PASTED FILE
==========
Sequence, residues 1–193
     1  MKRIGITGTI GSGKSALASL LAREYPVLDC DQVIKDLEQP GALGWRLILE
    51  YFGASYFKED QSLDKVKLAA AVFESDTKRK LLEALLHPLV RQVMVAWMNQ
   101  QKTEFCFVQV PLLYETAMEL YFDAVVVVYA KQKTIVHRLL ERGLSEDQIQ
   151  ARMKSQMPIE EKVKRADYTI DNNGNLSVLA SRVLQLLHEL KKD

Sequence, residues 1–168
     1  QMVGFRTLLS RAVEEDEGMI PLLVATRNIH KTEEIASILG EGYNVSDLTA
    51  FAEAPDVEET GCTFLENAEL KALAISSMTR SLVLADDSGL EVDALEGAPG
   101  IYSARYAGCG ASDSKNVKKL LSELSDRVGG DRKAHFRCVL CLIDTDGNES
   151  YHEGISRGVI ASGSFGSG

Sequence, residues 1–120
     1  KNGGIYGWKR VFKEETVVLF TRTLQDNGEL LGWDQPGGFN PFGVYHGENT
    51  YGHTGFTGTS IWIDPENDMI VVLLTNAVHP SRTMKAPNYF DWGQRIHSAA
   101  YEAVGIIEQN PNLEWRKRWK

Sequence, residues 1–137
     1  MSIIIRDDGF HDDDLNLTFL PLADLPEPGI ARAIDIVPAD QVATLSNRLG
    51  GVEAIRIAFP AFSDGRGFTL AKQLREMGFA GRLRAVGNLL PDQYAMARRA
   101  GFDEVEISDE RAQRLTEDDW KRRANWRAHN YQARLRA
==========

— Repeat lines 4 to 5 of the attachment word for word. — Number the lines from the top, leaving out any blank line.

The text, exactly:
   101  QKTEFCFVQV PLLYETAMEL YFDAVVVVYA KQKTIVHRLL ERGLSEDQIQ
   151  ARMKSQMPIE EKVKRADYTI DNNGNLSVLA SRVLQLLHEL KKD